- Recycling more water for steam generation at our oil sands operations through our patented blowdown boiler technology, which has the potential to reduce our demand for additional water by up to 50 percent
- at the end of 2015, we commissioned and started up two blowdown boilers at Christina Lake. The boilers provided the ability to convert 93 percent of each barrel of water we use into steam.
- Reusing our camps’ waste water after it’s been treated and approved for release to build ice roads, for use in dust suppression and in our drilling activities
- Continuing to develop and invest in technologies that can reduce our water use per barrel of oil produced, such as the use of ultra high quality steam technology and solvent aided process (SAP)
- Evaluating our water use performance relative to that of our peers and other industries to continuously improve. We’re collaborating on best management practices through Canada’s Oil Sands Innovation Alliance (COSIA) to share our learnings and learn from others.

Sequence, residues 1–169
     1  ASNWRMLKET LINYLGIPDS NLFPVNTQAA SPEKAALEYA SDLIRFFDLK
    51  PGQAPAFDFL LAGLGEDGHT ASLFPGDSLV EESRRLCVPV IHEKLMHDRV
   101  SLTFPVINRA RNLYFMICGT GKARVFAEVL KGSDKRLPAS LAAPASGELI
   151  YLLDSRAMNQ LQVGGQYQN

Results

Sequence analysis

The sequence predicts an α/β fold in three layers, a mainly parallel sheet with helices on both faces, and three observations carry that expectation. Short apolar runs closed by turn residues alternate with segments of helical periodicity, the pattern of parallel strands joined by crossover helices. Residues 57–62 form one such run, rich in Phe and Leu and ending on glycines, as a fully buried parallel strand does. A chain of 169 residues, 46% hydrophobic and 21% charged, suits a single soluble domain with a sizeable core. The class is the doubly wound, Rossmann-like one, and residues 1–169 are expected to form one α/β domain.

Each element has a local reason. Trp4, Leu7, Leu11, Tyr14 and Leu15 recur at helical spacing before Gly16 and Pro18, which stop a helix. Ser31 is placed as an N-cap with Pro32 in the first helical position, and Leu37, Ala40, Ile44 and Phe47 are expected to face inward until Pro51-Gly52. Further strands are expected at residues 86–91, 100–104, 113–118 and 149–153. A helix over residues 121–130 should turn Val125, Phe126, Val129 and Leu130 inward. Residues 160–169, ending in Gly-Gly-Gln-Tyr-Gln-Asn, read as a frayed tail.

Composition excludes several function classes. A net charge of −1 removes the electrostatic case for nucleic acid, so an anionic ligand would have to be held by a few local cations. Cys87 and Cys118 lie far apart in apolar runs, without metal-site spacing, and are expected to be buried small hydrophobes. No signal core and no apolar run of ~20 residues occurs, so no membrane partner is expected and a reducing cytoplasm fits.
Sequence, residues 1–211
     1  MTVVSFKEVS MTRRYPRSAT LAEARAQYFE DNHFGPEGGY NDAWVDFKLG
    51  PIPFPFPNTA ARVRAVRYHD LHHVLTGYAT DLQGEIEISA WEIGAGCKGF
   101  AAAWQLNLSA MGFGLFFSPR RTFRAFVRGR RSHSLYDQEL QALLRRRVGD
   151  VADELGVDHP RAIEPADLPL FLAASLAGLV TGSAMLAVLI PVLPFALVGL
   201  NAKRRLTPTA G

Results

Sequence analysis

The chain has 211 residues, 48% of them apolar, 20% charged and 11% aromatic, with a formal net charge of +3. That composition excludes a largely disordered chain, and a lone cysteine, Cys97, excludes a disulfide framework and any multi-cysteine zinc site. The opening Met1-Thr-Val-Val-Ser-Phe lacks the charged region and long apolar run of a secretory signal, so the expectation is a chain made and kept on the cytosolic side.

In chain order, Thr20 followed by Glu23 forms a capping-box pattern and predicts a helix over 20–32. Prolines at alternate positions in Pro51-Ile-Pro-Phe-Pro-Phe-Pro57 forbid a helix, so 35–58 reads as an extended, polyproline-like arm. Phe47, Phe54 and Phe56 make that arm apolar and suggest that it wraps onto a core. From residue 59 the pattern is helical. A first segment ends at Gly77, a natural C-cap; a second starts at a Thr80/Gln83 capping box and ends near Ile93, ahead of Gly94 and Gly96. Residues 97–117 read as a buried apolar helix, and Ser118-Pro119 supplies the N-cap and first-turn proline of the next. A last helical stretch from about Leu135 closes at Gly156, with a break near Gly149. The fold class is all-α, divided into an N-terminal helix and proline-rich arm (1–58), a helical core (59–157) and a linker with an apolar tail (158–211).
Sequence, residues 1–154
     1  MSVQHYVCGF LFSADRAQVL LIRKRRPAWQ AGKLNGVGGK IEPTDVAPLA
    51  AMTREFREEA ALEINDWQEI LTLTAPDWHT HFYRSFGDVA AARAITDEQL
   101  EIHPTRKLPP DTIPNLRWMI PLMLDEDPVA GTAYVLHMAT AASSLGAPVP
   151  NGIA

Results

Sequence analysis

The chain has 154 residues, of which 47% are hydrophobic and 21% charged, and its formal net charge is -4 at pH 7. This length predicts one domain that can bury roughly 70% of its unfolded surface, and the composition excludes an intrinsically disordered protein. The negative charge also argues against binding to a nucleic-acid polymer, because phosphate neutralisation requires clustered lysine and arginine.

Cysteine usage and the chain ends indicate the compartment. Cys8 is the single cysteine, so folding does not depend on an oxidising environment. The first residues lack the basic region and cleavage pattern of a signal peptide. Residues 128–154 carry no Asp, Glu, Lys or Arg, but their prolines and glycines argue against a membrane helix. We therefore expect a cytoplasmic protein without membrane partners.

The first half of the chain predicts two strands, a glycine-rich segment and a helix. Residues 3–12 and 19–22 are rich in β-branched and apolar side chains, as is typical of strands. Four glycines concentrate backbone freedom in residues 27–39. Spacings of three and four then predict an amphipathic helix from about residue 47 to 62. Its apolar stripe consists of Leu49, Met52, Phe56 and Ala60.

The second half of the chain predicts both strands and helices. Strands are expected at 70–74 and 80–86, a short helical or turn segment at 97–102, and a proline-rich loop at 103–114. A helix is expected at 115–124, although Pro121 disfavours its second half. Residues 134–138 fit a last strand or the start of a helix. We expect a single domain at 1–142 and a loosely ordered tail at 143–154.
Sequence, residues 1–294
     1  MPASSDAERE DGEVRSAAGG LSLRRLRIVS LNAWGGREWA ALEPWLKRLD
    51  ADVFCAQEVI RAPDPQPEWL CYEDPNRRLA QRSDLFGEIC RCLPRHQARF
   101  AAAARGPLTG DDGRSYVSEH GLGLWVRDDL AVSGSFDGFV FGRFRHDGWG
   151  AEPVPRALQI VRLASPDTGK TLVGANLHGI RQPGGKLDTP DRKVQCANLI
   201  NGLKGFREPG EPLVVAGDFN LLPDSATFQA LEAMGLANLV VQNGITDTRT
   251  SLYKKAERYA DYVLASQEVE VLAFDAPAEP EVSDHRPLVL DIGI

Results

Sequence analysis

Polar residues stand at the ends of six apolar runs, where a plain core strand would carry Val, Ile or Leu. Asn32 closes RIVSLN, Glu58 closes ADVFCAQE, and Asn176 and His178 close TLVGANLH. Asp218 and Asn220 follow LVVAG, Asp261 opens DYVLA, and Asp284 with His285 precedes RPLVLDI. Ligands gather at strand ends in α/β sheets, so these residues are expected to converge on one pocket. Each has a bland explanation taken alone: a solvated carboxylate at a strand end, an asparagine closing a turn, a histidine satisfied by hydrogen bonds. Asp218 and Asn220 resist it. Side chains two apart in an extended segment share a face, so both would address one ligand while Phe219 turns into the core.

Did you know?
We use crushed walnut shells to treat and filter some of the water we use to get oil out of the oil sands.
Taking a cumulative approach to water use
Cenovus works with government, regulators and peers to manage cumulative water consumption. For example, at our Christina Lake oil sands project, we work together with other neighbouring operators through the Christina Lake Regional Water Management Agreement to have a collective approach to water demand. This enables us to understand the total current and future demand on groundwater sources in the area and plan our water sourcing and waste water disposal strategies together to minimize our impact on the environment. Additionally, Cenovus actively engages with local communities and First Nations groups regarding our water use plans through the regulatory process and through participation on various local and regional organizations. Cenovus also participates in the CDP’s Water Disclosure, a voluntary program that allows companies to share information about water management and governance, water-related risks, opportunities and water accounting.
Fresh water use – company wide
Fresh water intensity – company wide